Central banks in Asia are slicing charges to prop up their economies — however that will not be sufficient


Bangkok, Thailand.

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As the global economy threatens to slow down, central banks around the world have been slashing interest rates. But that alone may not be enough to boost growth, especially in some of Asia’s emerging markets, economists say.

Instead, more government spending is needed to lift economic activity, they say.

“It takes two to tango,” Kunal Kumar Kundu, India economist at investment bank Societe Generale, told CNBC. He explained that greater government spending, alongside lower interest rates, could more effectively spark growth at a time when business sentiment has been badly hit by the ongoing U.S.China trade fight.

Cutting interest rates lowers the cost of borrowing and increases money supply in the economy — that typically encourages consumers and businesses to spend and invest more. Meanwhile, an increase in government spending could create demand for goods and services, which helps to boost economic activity.

In addition to the trade war between the world’s top two economies, global growth prospects have also been hit by uncertainties surrounding Brexit and subdued inflation, according to the International Monetary Fund.

Mitul Kotecha, senior emerging markets strategist at corporate and investment bank TD Securities, agreed that those economic threats may make it tougher for authorities to depend solely on monetary policies to lift growth.

“I think (rate cuts) will help, but whether they’re going to be sufficient to counter the negative trade pressures and global growth slowdown and impact is debatable,” he told CNBC.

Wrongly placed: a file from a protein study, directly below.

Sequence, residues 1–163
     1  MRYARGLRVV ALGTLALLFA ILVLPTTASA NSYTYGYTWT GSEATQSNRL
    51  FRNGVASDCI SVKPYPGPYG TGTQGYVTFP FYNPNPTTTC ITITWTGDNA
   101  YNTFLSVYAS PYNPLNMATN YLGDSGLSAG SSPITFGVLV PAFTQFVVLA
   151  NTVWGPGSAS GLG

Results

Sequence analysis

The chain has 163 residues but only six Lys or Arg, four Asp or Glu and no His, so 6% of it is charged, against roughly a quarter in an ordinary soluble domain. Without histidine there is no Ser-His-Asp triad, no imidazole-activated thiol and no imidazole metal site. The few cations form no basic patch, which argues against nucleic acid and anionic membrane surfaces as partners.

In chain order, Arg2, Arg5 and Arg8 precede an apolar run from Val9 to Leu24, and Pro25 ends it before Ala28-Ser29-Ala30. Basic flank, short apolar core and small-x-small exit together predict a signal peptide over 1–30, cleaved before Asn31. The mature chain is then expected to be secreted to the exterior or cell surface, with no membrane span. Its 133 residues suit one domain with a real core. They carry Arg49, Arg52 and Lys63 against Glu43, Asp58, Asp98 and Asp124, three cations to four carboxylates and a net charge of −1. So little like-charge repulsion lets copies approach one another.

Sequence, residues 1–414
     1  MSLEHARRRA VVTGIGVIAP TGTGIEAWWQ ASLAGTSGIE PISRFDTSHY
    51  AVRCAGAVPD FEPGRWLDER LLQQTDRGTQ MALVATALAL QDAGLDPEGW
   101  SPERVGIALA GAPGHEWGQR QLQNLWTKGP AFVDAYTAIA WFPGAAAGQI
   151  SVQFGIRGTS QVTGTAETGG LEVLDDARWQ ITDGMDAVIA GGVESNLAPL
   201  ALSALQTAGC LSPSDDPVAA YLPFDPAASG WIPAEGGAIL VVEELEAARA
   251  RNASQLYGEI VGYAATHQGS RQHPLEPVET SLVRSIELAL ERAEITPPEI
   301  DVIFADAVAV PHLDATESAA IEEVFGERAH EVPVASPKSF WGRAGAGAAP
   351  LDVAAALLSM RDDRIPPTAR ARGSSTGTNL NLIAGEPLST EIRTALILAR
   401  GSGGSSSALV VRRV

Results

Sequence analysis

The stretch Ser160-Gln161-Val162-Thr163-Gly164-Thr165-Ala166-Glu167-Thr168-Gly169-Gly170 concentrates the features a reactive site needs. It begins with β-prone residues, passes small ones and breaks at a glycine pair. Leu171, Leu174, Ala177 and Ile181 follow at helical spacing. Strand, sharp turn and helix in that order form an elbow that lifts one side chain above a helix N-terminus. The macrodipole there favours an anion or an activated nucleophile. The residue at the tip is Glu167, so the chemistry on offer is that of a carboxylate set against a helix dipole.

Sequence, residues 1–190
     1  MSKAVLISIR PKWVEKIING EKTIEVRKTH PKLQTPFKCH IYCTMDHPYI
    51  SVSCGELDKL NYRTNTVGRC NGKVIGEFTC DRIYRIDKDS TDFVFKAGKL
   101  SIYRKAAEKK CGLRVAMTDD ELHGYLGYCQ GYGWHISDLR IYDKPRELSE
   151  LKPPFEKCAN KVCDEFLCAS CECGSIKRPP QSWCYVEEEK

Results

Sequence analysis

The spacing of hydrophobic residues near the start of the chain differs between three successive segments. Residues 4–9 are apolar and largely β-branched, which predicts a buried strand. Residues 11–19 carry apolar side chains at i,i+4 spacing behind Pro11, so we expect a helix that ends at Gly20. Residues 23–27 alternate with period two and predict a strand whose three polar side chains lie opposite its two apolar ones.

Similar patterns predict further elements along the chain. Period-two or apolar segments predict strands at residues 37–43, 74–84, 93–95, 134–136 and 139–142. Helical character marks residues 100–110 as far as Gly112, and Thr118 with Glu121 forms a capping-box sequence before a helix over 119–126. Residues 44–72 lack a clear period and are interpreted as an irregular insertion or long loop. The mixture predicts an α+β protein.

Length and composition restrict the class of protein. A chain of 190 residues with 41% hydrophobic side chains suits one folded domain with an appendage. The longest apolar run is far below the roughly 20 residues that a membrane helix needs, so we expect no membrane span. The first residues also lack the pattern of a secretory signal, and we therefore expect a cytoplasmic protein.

“It seems difficult to see just monetary easing on its own be able to withstand these pressures,” Kotecha said.

In August alone, central banks in India, Thailand, the Philippines, and even New Zealand cut their benchmark rates. The Bank of Thailand’s rate cut was the first in four years, while the Reserve Bank of New Zealand’s larger-than-expected easing brought lending rates to an all-time low of 1%.

Fiscal spending coming

Some governments in Asia have already embarked on fiscal measures.

Thailand’s finance minister on Friday announced a planned $10.2 billion government spending package, to counter the slowdown from the U.S.-China trade war and increasing strength of the Thai baht. The proposal has yet to be approved by the cabinet.

Thai baht

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More emerging Asian economies could follow suit.

“You may see governments intensify fiscal spending alongside lower rates … I think there’ll be pressure on governments across Asia to bump up fiscal spending through infrastructure and other fiscal measures,” Kotecha said.

India’s complexity

India, however, faces a complex situation.

Floods in the southern and western parts of India may result in inflation due to food supply shocks, said Prakash Sakpal, Asia economist at Dutch bank ING. Should the central bank continue to ease monetary policy and cut interest rates, overall inflation could climb further and potentially hurt the economy.

Yet, the government may not have room to spend more, said SocGen’s Kundu.

Prime Minister Narendra Modi‘s government has been trying to keep spending in check. In its full-year budget presented early July, the government said it aims to reduce fiscal deficit for the current financial year from 3.4% of GDP to 3.3%.

An Indian naval officer walks past the logo of India’s central bank, the Reserve Bank of India (RBI), in Mumbai on November 9, 2016.

Punit Paranjpe | AFP | Getty Images

On top of that, a liquidity crisis in the financial sector has restricted lending to the broader economy. That has resulted in consumption being scaled back, as seen in a slump in auto sales.

“All of this put together, it’s a big toxic mix of things that has happened for India, and that has really impacted the economic activity,” said Kundu.



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